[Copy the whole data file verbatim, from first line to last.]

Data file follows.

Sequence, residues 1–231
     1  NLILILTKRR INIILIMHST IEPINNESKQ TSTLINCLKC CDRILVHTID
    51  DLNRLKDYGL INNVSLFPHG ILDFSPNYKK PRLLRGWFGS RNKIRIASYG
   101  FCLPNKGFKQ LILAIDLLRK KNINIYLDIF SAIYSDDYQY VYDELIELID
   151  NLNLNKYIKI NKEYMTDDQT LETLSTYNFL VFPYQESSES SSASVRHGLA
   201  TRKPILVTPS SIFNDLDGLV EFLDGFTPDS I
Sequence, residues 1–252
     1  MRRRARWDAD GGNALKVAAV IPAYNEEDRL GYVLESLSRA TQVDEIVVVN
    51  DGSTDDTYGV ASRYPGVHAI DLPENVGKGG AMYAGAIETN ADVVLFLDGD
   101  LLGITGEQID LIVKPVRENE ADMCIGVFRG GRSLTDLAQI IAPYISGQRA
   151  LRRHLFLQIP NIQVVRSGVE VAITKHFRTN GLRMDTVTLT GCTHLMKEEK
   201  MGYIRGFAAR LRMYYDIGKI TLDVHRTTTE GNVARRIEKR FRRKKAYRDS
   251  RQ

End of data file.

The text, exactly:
Sequence, residues 1–231
     1  NLILILTKRR INIILIMHST IEPINNESKQ TSTLINCLKC CDRILVHTID
    51  DLNRLKDYGL INNVSLFPHG ILDFSPNYKK PRLLRGWFGS RNKIRIASYG
   101  FCLPNKGFKQ LILAIDLLRK KNINIYLDIF SAIYSDDYQY VYDELIELID
   151  NLNLNKYIKI NKEYMTDDQT LETLSTYNFL VFPYQESSES SSASVRHGLA
   201  TRKPILVTPS SIFNDLDGLV EFLDGFTPDS I
Sequence, residues 1–252
     1  MRRRARWDAD GGNALKVAAV IPAYNEEDRL GYVLESLSRA TQVDEIVVVN
    51  DGSTDDTYGV ASRYPGVHAI DLPENVGKGG AMYAGAIETN ADVVLFLDGD
   101  LLGITGEQID LIVKPVRENE ADMCIGVFRG GRSLTDLAQI IAPYISGQRA
   151  LRRHLFLQIP NIQVVRSGVE VAITKHFRTN GLRMDTVTLT GCTHLMKEEK
   201  MGYIRGFAAR LRMYYDIGKI TLDVHRTTTE GNVARRIEKR FRRKKAYRDS
   251  RQ